Should You Be Worried About a Bond Market Crash?
Talk of a bond market crash has been building for months, and not just among obscure financial bloggers.
Articles sounding the alarm about a bond market crash have appeared time and again in many mainstream publications.
Recent headlines like "Danger Lurks Inside the Bond Boom" (The Wall Street Journal), "How Banks Could Get Blown Away by Bond Bubble" (Fortune), and "Beware the Bond Bubble in 2013" (CNNMoney) have raised concern among investors.
Here's the problem: Interest rates are at historic lows. That makes bond prices relatively high.
There's pretty much nowhere left for rates to go but up. That might be good for buyers of bonds in the future, but terrible for those who hold bonds stuck at low rates.
Central Banks Move to Prevent Recession 2013
With more investors and consumers concerned over the Recession 2013 threat, Europe and China today (Thursday) took action to motivate their sluggish economies and prevent a drastic global slowdown.
It hasn't even been a week since a crucial European summit provided a blueprint for the 17-member Eurozone to pull out of its debt crisis. But already the rally that immediately followed has fizzled. At issue is how European leaders will work out the tricky details for a central banking authority and the expanded use of bailout funds.
Now the European Central Bank (ECB) doesn't have much left in its arsenal to calm fears of a broad economic slowdown in the region. It used one of its last tools Thursday when it slashed its benchmark lending rate by 0.25 percentage points to 0.75%, the lowest level since 1999, when the euro was created.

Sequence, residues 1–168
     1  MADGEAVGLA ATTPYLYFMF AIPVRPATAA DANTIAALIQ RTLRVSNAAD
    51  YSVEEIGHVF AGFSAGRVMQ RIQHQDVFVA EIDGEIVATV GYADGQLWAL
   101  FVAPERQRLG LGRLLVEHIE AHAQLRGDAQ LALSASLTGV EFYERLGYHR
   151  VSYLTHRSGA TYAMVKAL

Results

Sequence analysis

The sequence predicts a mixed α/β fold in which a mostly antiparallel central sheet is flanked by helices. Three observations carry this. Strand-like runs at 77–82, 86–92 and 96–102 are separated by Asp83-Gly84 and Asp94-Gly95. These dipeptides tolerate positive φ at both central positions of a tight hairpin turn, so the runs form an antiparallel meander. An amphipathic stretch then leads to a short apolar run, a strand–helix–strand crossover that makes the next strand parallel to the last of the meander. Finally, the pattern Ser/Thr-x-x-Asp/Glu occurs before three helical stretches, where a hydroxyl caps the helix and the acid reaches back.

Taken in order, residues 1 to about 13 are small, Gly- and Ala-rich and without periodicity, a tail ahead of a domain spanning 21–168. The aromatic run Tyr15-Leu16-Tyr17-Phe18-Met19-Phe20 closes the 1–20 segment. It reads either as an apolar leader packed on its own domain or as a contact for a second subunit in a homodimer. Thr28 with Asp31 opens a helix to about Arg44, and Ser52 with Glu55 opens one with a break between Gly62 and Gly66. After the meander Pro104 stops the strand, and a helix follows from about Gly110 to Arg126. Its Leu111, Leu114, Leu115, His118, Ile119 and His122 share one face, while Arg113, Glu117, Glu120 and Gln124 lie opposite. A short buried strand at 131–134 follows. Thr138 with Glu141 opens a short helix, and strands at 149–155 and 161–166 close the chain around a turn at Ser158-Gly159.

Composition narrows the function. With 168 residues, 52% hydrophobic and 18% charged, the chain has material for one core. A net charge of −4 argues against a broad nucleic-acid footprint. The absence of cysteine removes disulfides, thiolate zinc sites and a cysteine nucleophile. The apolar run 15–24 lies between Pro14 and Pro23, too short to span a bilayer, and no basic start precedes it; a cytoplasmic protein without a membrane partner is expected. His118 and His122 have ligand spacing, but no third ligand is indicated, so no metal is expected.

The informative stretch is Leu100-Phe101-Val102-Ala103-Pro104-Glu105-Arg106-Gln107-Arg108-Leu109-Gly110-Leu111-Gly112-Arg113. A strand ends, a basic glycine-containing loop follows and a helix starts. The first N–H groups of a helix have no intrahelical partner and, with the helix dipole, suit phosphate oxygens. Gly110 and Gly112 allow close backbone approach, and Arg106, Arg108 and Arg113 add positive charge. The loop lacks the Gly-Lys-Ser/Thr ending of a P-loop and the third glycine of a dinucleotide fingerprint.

At this level, the ECB hopes that bankers be more willing to lend and also that investors will open their wallets wider.
ECB President Mario Draghi noted in a press conference following the group's decision that the move was made independently of China's decision to cut rates.
"There wasn't any co-ordination that went beyond the normal exchange of views on the state of the business cycle…economy…or global demand," said Draghi.
Draghi stressed that the cut wasn't aimed to help an individual country, but to assist the entire struggling region.
"We can genuinely say that this measure is addressed to the whole of the euro area, and not only to specific countries," he said.
Reiterating that markets haven't felt the full effect of the ECB's recent moves to increase liquidity, Draghi also cautioned that the bank could only do so much. Draghi said the central bank couldn't do more than it already had to encourage people to borrow or invest.
"Credit is now led predominantly by demand, and if demand is weak, you wouldn't expect string credit growth," Draghi added.
Recession 2013: This Report Shows We're Already Headed There
In fact, former President Bill Clinton said he thinks we are already in a recession – and that was before the latest U.S. unemployment numbers were released, painting an even gloomier picture.